The following screenings are recommended for ages more than 45 years old:health-checkup

Screenings for Cardiovascular Disease:

  1. Abdominal Aortic Aneurysm Screening – For male smokers ages 65 to 75 y/o
  2. Hypertension Screening
  3. Lipid Panel Screening
  4. Aspirin for Primary Prevention – Men who are 45 to 79  years old and women from 55 to 79 years old (consider GI bleeding risk)

Screenings for Cancer:

  1. Mammogram (Every 2 years)
  2. Pap Smear (Every 3 years if previously normal) – sexually active women until 65 years old should take this screening
  3. Colorectal Screening (Colonoscopy/Sigmoidoscopy/Stool Guaiac) –  50 to 75 y/o (or earlier if with family history)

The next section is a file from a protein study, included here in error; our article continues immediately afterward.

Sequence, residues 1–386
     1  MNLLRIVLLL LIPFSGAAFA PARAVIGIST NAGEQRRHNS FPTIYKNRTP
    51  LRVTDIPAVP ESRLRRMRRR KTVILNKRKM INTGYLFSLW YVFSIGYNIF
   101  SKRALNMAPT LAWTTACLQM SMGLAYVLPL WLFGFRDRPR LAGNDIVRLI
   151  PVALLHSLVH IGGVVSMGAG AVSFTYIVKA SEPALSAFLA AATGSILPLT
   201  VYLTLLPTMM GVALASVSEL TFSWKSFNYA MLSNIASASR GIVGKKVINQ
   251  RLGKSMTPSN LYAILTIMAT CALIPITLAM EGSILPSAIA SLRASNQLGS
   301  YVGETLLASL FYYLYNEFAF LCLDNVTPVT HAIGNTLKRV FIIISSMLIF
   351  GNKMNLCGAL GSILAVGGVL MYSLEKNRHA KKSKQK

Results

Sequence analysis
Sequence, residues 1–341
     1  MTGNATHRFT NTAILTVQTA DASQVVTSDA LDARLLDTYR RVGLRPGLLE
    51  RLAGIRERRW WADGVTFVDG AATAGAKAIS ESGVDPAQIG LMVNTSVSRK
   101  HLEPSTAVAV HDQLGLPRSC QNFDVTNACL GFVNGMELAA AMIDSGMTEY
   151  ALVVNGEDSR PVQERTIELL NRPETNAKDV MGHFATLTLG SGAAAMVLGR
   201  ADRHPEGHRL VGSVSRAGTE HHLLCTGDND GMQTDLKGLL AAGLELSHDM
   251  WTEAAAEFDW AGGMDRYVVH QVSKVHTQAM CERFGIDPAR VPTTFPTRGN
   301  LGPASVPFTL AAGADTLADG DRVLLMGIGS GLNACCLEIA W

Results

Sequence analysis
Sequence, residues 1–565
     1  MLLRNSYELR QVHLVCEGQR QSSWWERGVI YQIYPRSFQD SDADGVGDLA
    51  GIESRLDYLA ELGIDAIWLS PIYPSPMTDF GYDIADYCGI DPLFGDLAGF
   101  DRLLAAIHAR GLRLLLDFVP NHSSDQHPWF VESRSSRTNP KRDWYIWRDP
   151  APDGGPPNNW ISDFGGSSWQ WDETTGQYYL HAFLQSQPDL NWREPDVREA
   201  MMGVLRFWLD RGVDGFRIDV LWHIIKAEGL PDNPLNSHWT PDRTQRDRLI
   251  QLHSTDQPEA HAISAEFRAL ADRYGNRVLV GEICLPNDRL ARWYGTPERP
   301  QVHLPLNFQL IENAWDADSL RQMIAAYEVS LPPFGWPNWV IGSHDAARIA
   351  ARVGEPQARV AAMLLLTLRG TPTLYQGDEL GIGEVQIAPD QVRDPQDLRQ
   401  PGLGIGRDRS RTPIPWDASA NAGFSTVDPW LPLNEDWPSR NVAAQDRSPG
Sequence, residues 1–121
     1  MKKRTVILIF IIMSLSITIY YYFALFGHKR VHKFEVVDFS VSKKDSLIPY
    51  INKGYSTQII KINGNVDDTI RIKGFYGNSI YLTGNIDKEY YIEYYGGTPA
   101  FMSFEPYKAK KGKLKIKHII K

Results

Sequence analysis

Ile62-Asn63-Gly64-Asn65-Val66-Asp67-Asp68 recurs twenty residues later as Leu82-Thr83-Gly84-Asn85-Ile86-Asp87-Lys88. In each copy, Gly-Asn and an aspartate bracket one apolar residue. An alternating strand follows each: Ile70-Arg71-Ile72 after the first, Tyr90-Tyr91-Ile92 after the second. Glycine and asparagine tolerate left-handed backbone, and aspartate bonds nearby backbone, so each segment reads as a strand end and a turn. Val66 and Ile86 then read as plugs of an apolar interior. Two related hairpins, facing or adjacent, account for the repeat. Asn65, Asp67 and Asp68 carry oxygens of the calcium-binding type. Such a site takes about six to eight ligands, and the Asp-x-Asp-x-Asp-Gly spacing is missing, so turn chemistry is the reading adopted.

Diabetes Mellitus Screening
  • Influenza (Annually)
    • Starting 50 years old,  Herpes Zoster (Once Only)
    • Starting 60  years old if negative titersc. Pneumoccocal
    • Starting at 65  years old
    • 45 to 64  years old (Higher Risk)
Primary Prevention Counseling
  • Tobacco Cessation
  • Alcohol Abuse Screening
  • Obesity Screening
  • Depression Screening

Written By: Dr. Reagan graduated medical school from University of Santo Tomas. He completed residency at a Mount Sinai/New York University Internal Medicine program in New York. He is currently working currently as a Hospitalist.
Disclaimer: The medical information on this site is provided as an information resource only, and is not to be used or relied on for any diagnostic or treatment purposes. Please consult your physician before starting on any of these screenings.